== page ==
# Arguement - complex numbers

1. Dec 9, 2009

### ChrisBaker8

1. The problem statement, all variables and given/known data

Find the modulus and the principal value of the argument for the complex number $$\sqrt{3}$$ - i

3. The attempt at a solution

I know the modulus is just 'square both, add, and square root of sum', so r = $$\sqrt{2}$$, but I don't know how to find the second part. I know vaguely that the argument = $$\theta$$, but I don't know where to go from here.

Do I need to convert the complex number into polar or euler form?

2. Dec 9, 2009

### Dick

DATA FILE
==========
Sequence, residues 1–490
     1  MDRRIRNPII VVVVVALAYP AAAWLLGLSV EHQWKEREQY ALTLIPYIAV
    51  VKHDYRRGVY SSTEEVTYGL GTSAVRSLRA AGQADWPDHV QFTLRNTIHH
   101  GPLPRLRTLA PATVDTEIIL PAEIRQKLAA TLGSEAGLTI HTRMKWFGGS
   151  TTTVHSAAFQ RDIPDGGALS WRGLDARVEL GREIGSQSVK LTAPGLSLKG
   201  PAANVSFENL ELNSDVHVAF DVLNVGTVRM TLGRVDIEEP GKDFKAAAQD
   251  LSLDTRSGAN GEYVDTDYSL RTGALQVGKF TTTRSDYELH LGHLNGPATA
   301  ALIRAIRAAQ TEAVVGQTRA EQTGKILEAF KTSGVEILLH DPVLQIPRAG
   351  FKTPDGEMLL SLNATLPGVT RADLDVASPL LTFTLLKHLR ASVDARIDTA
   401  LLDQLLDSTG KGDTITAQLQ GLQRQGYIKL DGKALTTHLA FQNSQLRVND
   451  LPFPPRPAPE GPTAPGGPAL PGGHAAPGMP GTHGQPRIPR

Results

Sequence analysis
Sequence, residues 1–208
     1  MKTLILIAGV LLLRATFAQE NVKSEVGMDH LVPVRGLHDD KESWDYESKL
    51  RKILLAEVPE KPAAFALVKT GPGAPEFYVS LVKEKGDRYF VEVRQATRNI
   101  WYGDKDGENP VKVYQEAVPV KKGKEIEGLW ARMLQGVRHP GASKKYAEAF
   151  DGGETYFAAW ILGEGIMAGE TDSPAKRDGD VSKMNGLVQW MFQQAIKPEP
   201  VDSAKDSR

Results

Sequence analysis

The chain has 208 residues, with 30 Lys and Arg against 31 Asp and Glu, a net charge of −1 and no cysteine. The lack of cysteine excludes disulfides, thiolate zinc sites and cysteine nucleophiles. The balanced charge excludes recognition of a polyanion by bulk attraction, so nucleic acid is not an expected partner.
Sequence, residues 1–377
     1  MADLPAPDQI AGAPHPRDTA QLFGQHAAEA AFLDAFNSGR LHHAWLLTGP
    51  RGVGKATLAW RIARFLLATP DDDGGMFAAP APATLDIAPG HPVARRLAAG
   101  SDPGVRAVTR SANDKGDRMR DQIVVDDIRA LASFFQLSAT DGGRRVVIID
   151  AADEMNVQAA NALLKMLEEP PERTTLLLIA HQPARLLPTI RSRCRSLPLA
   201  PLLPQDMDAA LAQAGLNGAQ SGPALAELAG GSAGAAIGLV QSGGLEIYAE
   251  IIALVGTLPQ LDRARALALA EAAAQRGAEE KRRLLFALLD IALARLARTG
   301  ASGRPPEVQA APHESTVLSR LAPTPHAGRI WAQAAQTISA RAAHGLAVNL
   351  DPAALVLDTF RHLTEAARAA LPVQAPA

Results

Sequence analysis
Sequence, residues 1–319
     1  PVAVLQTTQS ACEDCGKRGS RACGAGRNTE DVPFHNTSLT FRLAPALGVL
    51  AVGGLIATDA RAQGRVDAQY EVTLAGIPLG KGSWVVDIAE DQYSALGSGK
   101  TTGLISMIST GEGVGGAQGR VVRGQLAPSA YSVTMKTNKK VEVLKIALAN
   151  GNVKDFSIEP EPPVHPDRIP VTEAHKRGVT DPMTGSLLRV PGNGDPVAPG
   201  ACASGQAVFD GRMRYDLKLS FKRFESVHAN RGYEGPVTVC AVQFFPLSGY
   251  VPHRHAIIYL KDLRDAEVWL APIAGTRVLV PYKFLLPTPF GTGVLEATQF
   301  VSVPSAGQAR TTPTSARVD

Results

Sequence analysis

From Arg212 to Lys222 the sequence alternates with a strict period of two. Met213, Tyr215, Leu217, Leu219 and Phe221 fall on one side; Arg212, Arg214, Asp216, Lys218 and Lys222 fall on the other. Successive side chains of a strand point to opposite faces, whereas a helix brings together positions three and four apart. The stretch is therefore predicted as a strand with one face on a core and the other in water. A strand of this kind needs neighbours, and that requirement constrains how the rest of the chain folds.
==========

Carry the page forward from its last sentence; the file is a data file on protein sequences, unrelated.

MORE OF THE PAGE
What two numbers did you 'square both, add, and square root of sum' to get sqrt(2)? The complex number a+bi can be drawn as the hypotenuse of a right triangle in the complex plane with a horizontal leg of length a and a vertical leg of length b. Haven't you seen this picture? The argument is the angle the hypotenuse makes with the x-axis. So you have tan(argument)=b/a. Remember trig? Principal value is a convention for choosing which of several possible angles might satisfy the tangent equation. Look it up, hopefully it will come with a nice picture.

3. Dec 9, 2009

### ChrisBaker8

okay, I think I get the argument now

for the modulus, I added $$\sqrt{3}$$ $$^{2}$$ and i$$^{2}$$ to get 3 - 1, then square rooted to get $$\sqrt{2}$$

is that wrong?

4. Dec 9, 2009

### Staff: Mentor

Yes. You square the real part, sqrt(3), and the imaginary part, -1, add them, then take the square root. The imaginary part is the coefficient of i.

5. Dec 9, 2009

okay, thanks